In the last few years, they’ve had a series of especially harrowing floods and storms that have left families fleeing for safety and entire street blocks completely submerged by rising rivers and water levels. It was during one of those floods in 2016 that the Houston Local 2 News crew went out in a boat to report the news—and instead ended up rescuing “someone” who had been left behind in the evacuations.
The crew were out on a boat floating down a residential street in June of 2016 when the city of Houston was pummeled by 16 inches of rain in just 12 hours.
Check out what this news crew did when they found a dog chained to the front porch of a flooded house!
تم النشر بواسطة NBC12 في الخميس، ٢ يونيو ٢٠١٦
They had been filming to show the water levels and how severely they were impacting certain neighborhoods when they spotted a dog on someone’s front porch—and although his head was still above water, it was clear that he was submerged and struggling to stay safe. Upon closer inspection, it was clear that the dog had been chained to the porch and then left by his owners while they fled the area.
We found this poor guy standing in neck deep water and chained to a dog house. This is infuriating. These residents will…
Heartbroken by the scene they were confronted with, the news crew and a sheriff who had been leading the boat leapt into action. In a heroic video, the sheriff Troy Nehls and news anchor Phil Archer jumped out of the boat and waded through the murky flood waters to reach the porch.
The sweet dog was shivering and likely wouldn’t have survived much longer if they hadn’t reached her. But she was alive, and the crew was able to bring her to the Houston Humane Society to be cared for and given some extra love.
Just picked up this sweet dog.BIG thanks to KPRC2 Phil Archer, KPRC2 / Click2Houston, Sheriff Troy E. Nehls, & Fort…
Ultimately, Sheriff Nehls and his family decided that the good-natured pup was too cute not to bring home with them. They named her Archer after the news anchor who was willing to jump out of the boat to untie her, and in a twist of fate, he and his family adopted Archer not long after he saved her life. She’s been living with them ever since.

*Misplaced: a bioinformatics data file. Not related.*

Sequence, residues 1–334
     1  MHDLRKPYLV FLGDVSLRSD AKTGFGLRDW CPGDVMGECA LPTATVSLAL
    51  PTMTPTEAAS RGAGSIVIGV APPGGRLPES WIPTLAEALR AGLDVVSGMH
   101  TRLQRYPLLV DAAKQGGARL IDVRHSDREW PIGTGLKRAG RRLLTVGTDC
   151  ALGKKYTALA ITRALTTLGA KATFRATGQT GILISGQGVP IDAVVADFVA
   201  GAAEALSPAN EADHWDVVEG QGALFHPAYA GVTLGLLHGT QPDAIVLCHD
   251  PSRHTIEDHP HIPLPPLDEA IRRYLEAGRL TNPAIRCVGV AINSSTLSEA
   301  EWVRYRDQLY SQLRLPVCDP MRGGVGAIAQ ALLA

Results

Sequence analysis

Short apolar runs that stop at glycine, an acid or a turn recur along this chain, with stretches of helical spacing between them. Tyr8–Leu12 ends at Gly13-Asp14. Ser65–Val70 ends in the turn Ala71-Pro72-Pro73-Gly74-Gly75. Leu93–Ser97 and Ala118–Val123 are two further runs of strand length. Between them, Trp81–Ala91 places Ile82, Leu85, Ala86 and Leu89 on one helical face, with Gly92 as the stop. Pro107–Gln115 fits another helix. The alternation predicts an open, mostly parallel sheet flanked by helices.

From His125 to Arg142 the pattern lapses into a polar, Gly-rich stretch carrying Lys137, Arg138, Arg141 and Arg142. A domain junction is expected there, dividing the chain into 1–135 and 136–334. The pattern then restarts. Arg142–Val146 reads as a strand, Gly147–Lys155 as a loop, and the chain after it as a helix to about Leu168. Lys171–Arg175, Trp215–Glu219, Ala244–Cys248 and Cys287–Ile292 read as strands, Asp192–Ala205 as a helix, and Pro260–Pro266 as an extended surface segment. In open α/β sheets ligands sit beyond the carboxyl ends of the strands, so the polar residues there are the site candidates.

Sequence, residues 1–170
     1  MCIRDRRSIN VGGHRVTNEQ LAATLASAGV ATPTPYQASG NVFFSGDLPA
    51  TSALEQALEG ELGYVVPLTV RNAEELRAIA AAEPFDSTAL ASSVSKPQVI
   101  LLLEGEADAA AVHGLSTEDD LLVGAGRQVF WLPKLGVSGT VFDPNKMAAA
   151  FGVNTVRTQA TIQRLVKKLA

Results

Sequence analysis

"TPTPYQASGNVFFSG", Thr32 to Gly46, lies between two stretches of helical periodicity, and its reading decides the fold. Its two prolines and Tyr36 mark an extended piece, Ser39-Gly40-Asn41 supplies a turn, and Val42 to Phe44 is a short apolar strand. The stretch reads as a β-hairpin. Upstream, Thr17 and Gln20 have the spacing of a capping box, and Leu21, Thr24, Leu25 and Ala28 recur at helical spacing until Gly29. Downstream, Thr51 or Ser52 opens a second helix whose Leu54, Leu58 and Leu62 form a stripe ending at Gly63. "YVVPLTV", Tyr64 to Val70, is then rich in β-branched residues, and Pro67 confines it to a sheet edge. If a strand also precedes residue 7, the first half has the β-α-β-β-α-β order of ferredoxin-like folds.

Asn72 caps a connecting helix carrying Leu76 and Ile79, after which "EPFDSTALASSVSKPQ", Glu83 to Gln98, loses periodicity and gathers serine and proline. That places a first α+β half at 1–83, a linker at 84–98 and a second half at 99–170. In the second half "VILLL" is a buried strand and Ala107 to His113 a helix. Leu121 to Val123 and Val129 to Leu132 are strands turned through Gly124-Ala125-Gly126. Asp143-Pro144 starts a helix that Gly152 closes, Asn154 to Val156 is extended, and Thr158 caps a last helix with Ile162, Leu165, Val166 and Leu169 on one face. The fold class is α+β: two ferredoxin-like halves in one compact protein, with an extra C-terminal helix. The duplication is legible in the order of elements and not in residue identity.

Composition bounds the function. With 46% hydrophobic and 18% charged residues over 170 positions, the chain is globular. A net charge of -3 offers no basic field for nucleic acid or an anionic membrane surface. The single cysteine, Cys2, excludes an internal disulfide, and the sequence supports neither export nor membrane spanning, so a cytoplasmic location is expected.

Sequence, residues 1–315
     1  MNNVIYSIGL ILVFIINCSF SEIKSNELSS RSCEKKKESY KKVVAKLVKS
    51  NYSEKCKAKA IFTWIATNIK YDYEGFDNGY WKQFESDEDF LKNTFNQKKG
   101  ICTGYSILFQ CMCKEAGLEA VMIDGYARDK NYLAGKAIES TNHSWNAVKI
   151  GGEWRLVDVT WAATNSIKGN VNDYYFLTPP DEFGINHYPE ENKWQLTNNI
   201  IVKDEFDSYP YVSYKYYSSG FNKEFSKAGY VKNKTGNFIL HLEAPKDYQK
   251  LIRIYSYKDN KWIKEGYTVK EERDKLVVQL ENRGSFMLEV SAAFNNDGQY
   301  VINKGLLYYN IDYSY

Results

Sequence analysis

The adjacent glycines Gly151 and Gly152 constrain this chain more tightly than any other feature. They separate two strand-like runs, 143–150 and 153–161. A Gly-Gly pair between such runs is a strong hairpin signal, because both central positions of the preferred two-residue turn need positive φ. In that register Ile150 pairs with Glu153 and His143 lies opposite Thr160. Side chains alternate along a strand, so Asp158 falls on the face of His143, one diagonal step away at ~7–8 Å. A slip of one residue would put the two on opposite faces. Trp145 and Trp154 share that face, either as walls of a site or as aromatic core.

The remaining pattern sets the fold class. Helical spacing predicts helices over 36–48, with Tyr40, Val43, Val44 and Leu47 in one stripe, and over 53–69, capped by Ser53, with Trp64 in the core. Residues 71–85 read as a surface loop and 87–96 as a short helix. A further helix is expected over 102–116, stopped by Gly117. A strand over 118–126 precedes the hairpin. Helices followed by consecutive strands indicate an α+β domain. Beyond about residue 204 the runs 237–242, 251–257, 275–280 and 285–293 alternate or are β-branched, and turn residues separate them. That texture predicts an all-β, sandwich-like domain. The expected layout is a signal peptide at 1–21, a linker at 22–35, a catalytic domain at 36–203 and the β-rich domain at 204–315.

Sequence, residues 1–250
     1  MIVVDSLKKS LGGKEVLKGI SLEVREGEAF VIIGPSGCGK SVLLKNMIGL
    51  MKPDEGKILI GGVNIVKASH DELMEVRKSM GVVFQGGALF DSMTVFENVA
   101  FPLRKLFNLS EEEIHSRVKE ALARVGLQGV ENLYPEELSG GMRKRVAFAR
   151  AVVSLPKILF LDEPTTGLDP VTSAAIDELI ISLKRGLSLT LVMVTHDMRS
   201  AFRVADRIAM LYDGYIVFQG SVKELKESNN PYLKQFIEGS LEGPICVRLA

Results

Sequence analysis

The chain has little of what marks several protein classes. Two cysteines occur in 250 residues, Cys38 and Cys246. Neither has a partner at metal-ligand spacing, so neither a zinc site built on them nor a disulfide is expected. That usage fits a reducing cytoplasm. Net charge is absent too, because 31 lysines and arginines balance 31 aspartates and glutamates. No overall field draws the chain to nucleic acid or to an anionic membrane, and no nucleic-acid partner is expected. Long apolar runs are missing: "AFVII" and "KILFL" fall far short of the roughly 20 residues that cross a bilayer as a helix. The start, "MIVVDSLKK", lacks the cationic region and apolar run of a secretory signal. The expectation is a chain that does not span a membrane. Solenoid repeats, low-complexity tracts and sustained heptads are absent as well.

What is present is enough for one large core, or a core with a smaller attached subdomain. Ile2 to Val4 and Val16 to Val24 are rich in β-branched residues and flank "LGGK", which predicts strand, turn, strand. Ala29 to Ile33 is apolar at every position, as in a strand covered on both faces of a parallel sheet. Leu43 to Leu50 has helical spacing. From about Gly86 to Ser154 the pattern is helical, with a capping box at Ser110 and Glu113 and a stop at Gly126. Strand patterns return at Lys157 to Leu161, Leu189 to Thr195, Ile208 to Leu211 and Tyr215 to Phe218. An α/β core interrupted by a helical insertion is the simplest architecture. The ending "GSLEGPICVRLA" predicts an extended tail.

“He called and he said at the time, ‘Love, we’ve rescued this dog. It was tied up. It’s the cutest dog. I’m going to send you a picture,’” the sheriff’s wife, Jill Nehls, said in an interview after the fact. “I was already thinking, ‘Oh, is there going to be something more to this dog?’”
While covering the Brazos River floods of 2016, KPRC Channel 2 News reporter Phil Archer and rescuers came across a dog…
This was far from the only little pup that’s had to be rescued at the last minute by good Samaritans during devastating storms. Dogs in coastal cities across the United States often make headlines when they’re left behind to fend for themselves, and even animals as big as cattle have been rescued by kindhearted volunteers in floods elsewhere in the last year.
According to the Houston Humane Society, though, there’s a way to avoid that.
“[Have] a first aid kit, [have] a go bag with extra food in it and toys, [have] a pet that maybe, don’t crate, but you get them trained so that they’re not going to freak out if they go into a crate,” Schmidt said. “Don’t wait until [the] storm has hit to say, ‘Gosh, wish I had gotten my pet micro-chipped.’”